A low-dose COX-2–selective NSAID with a PPI is an evidence-based recommendation for patients who have both CV and GI risks and who have had a previous GI ulcer bleed. Use the lowest possible dose of a COX-2– selective agent, because lower doses are associated with fewer CV adverse events.30,31


1. American College of Rheumatology ad hoc group on use of selective and nonselective nonsteroidal antiinflammatory drugs. Recommendations for use of selective and nonselective nonsteroidal antiinflammatory drugs: an American College of Rheumatology white paper. Arthritis Rheum. 2008;59: 1058-1073.

2. Zhang W, Muskowitz RW, Niki G, et al. OARSI recommendations for the management of hip and knee osteoarthritis, part II: OARSI evidence-based, expert consensus guidelines. Osteoarthritis Cartilage. 2008;16:137-162.

3. American College of Rheumatology Subcommittee on Osteoarthritis Guidelines. Recommendations for the medical management of osteoarthritis of the hip and knee: 2000 update. Arthritis Rheum. 2000;43:1905-1915.

4. Grosser T, Fries S, FitzGerald GA. Biological basis for the cardiovascular consequences of COX-2 inhibition: therapeutic challenges and opportunities. J Clin Invest. 2006;116:4-15.

5. Shamoon M, Hochberg MC. Treatment of osteoarthritis with acetaminophen: efficacy, safety, and comparison with nonsteroidal anti-inflammatory drugs. Curr Rheumatol Rep. 2000;2:454-458.

6. Jones R, Rubin G, Berenbaum F, et al. Gastrointestinal and cardiovascular risks of nonsteroidal anti-inflammatory drugs. Am J Med. 2008;121:464-474.

7. Towheed TE, Judd MJ, Hochberg MC, et al. Acetaminophen for osteoarthritis. Cochrane Database Syst Rev. 2006;(1):CD004257.

8. Bonnet CS, Walsh DA. Osteoarthritis, angiogenesis and inflammation. Rheumatology (Oxford). 2005;44:7-16.

9. Garcia Rodriguez LA, Hernandez-Diaz S. The risk of upper gastrointestinal complications associated with nonsteroidal anti-inflammatory drugs, glucocorticoids, acetaminophen, and combinations of these agents. Arthritis Res. 2001;3:98-101.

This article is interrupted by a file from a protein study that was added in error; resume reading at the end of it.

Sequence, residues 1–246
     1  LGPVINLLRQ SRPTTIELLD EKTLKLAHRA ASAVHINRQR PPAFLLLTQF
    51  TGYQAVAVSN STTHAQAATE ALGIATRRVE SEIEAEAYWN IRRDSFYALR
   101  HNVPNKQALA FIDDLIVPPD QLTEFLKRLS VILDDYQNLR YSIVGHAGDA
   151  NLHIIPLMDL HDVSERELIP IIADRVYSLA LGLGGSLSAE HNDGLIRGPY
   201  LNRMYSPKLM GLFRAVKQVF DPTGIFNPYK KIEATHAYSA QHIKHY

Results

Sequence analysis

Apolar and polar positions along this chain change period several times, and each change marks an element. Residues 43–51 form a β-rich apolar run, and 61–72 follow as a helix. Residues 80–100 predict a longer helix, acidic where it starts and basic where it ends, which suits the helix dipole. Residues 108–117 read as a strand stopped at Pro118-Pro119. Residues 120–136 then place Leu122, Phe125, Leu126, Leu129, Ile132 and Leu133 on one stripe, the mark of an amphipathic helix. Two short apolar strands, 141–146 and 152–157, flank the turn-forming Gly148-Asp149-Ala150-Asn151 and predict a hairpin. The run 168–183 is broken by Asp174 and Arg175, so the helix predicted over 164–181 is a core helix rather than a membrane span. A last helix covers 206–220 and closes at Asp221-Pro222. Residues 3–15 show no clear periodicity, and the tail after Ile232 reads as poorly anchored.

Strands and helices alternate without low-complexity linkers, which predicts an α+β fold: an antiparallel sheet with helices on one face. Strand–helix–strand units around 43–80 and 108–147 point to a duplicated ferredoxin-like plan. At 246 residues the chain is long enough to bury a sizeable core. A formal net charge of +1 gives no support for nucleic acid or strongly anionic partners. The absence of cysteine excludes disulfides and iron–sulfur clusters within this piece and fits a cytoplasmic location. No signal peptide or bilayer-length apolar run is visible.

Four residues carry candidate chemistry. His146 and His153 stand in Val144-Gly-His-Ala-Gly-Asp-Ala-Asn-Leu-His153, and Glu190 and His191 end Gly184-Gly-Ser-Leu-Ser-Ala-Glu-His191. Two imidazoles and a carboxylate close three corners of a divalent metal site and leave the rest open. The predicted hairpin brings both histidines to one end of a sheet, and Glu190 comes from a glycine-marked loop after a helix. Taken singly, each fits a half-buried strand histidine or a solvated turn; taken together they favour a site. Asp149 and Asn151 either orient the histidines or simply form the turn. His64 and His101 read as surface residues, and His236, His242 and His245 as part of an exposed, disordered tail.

10. Rahme E, Pettitt D, LeLorier J. Determinants and sequelae associated with utilization of acetaminophen versus traditional nonsteroidal antiinflammatory drugs in an elderly population. Arthritis Rheum. 2002;46:3046-3054.

11. Watkins PB, Kaplowitz N, Slattery JT, et al. Aminotransferase elevations in healthy adults receiving 4 grams of acetaminophen daily: a randomized controlled trial. JAMA. 2006;296: 87-93.

12. Curhan GC, Willett WC, Rosner B, et al. Frequency of analgesic use and risk of hypertension in younger women. Arch Intern Med. 2002;162:2204-2208.

13. Forman JP, Rimm EB, Curhan GC. Frequency of analgesic use and risk of hypertension among men. Arch Intern Med. 2007;167:394-399.

14. Fored CM, Ejerblad E, Lindblad P, et al. Acetaminophen, aspirin, and chronic renal failure. N Engl J Med. 2001;345: 1801-1808.

15. Perneger TV, Whelton PK, Klag MJ. Risk of kidney failure associated with the use of acetaminophen, aspirin, and nonsteroidal antiinflammatory drugs. N Engl J Med. 1994;331:1675- 1679.

16. Pfizer Consumer Healthcare. Advil. 2010. Available at: http:// www.advil.com/OurProducts/Advil.aspx. Accessed October 21, 2010.

17. Motrin [package insert]. New York, NY: Pharmacia & Upjohn Company, a division of Pfizer Inc; 2007.

18. US Food and Drug Administration. Naproxen - patient information sheet. 2004. Available at: http://www.fda.gov/ downloads/Drugs/DrugsSafety/.../UCM164733.pdf. Accessed October 21, 2010.

19. Naprosyn [package insert]. Nutley, NJ: Roche Laboratories Inc.; 2008.

20. Wilcox CM, Allison J, Benzuly K, et al. Consensus development conference on the use of nonsteroidal anti-inflammatory agents, including cyclooxygenase-2 enzyme inhibitors and aspirin. Clin Gastroenterol Hepatol. 2006;4:1082-1089.

21. Bhatt DL, Scheiman J, Abraham NS, et al. ACCF/ACG/AHA 2008 expert consensus document on reducing the gastrointestinal risks of antiplatelet therapy and NSAID use: a report of the American College of Cardiology Foundation Task Force on Clinical Expert Consensus Documents. Circulation. 2008;118:1894-1909.

22. Juni P, Nartey L, Reichenbach S, et al. Risk of cardiovascular events and rofecoxib: cumulative meta-analysis. Lancet. 2004;364:2021-2029.

23. Kearney PM, Baigent C, Godwin J, et al. Do selective cyclo-oxygenase-2 inhibitors and traditional non-steroidal anti-inflammatory drugs increase the risk of atherothrombosis? Meta-analysis of randomised trials. BMJ. 2006;332:1302-1308.

24. Schnitzer TJ, Burmester GR, Mysler E, et al. Comparison of lumiracoxib with naproxen and ibuprofen in the Therapeutic Arthritis Research and Gastrointestinal Event Trial (TARGET), reduction in ulcer complications: randomised controlled trial. Lancet. 2004;364:665-674.

25. Silverstein FE, Faich G, Goldstein JL, et al. Gastrointestinal toxicity with celecoxib vs nonsteroidal anti-inflammatory drugs for osteoarthritis and rheumatoid arthritis: the CLASS study: A randomized controlled trial. Celecoxib Long-term Arthritis Safety Study. JAMA. 2000;284:1247-1255.